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Shakespeare was involved in many aspects of London’s professional theatrical world. He was an actor, a playwright, and a shareholder in an acting company known as the Lord Chamberlain’s Men, which became the King’s Men when James I became king in 1603. His plays were performed on professional stages owned by his company--first the Theatre, and then, after 1599, the Globe. (After a property dispute, the Theatre was disassembled and the timbers used to build the Globe). In 1609, his company began using its own indoor theater at Blackfriars. His plays were performed in many other spaces, including the royal court, the universities of Oxford and Cambridge and the Inns of Court, public buildings and outdoor spaces in the provinces, and private households.

The total number of Shakespeare’s plays varies somewhat, depending on who is counting them, and how. The total shifts between 38 and 40 plays as scholars reassess references to his two lost plays--Love’s Labor’s Won and Cardenio--and analyze how large a hand he had in some collaboratively-written plays.

This category includes all publications of his plays, up to and including the First Folio in 1623; all entries for his plays in the Stationers' Register; administrative documents from the National Archives and elsewhere that make reference to his theaters and theater companies; and printed and handwritten references to seeing and/or reading his plays. Read Alan H. Nelson's thematic essay to learn more about lawsuits in Shakespeare's England.

Visit the British Library's Shakespeare in Quarto, to learn even more about actorsplayhouses and theater companies in Shakespeare's time, and to view completely digitized copies of Shakespeare's plays.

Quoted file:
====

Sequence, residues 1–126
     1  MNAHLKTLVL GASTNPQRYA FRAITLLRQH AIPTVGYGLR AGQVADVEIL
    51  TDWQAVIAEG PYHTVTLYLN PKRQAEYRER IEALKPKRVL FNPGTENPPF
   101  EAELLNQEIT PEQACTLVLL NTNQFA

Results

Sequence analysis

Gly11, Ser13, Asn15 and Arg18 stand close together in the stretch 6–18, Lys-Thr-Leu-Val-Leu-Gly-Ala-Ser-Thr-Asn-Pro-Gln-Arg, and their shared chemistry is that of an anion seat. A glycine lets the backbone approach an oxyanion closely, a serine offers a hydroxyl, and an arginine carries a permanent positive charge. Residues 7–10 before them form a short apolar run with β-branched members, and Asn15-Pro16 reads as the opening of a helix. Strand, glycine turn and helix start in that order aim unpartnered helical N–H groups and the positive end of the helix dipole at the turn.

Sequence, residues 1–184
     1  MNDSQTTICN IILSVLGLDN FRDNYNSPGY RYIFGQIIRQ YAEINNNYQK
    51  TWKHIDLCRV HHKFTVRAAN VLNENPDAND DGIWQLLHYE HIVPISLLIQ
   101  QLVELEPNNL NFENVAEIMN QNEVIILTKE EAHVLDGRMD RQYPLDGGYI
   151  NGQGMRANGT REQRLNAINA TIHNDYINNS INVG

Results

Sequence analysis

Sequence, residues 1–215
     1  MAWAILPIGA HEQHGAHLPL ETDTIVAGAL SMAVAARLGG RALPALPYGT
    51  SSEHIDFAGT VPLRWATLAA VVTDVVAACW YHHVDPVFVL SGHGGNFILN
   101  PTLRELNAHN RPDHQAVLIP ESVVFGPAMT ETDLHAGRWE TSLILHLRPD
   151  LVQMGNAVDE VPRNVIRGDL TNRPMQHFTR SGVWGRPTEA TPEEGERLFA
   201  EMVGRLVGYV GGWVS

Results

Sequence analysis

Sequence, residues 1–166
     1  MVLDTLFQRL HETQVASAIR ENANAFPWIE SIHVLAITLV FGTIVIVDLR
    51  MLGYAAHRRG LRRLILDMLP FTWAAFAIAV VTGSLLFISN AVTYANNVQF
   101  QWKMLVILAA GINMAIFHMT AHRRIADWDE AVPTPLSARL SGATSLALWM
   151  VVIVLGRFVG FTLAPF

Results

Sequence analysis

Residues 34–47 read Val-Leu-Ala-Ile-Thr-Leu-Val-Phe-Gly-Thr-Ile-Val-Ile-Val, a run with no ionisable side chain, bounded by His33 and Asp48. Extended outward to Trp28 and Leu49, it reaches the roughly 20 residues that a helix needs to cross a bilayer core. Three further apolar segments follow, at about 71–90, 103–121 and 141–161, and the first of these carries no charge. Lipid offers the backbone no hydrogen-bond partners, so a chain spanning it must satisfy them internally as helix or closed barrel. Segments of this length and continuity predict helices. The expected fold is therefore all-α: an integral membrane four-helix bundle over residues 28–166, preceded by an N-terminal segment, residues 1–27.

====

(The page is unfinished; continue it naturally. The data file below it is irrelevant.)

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August 11, 1602
Thomas, Lord Cromwell was entered into Liber C of the Stationers' Company on August 11, 1602.
February 2 and March 13, 1602
The earliest mention of Shakespeare’s Twelfth Night is in a notebook of gossip, observations and sermon notes kept by John Manningham while a law student at Middle Temple, one of the Inns of Court in London.
1602
The 1602 quarto of Thomas, Lord Cromwell bears the attribution “sundrie times pub- / likely Acted by the Right Hono- / rable the Lord Chamberlaine / his Seruants.
January 18, 1602
The Merry Wives of Windsor was entered twice into Liber C of the Stationers' Company on January 18, 1602, shown above. John Busby, who made the first entry for that day, printed no known copies, and had never registered the title previously.
April 19, 1602
Henry VI Part 1 and Part 2 and Titus Andronicus  were entered into Liber C of the Stationers' Company on April 19, 1602.
July 26, 1602
Hamlet was entered into Liber C of the Stationers' Company on July 26, 1602.
1603
John Davies of Hereford was one of the most prolific poets of his age. He was born about 1565 and died in 1618, making him William Shakespeare’s nearly exact contemporary.
May 17, 1603
Although James VI of Scotland was proclaimed king of England on March 24, 1603, it took him over a month to arrive in London.
May 19, 1603
Although James VI of Scotland was proclaimed king of England on March 24, 1603, it took him over a month to arrive in London.
ca. 1603
SHAKESPEARE DOCUMENTED IS STILL GROWING! Descriptive content and transcriptions will continue to be added, updated and expanded. Check back for regular updates!

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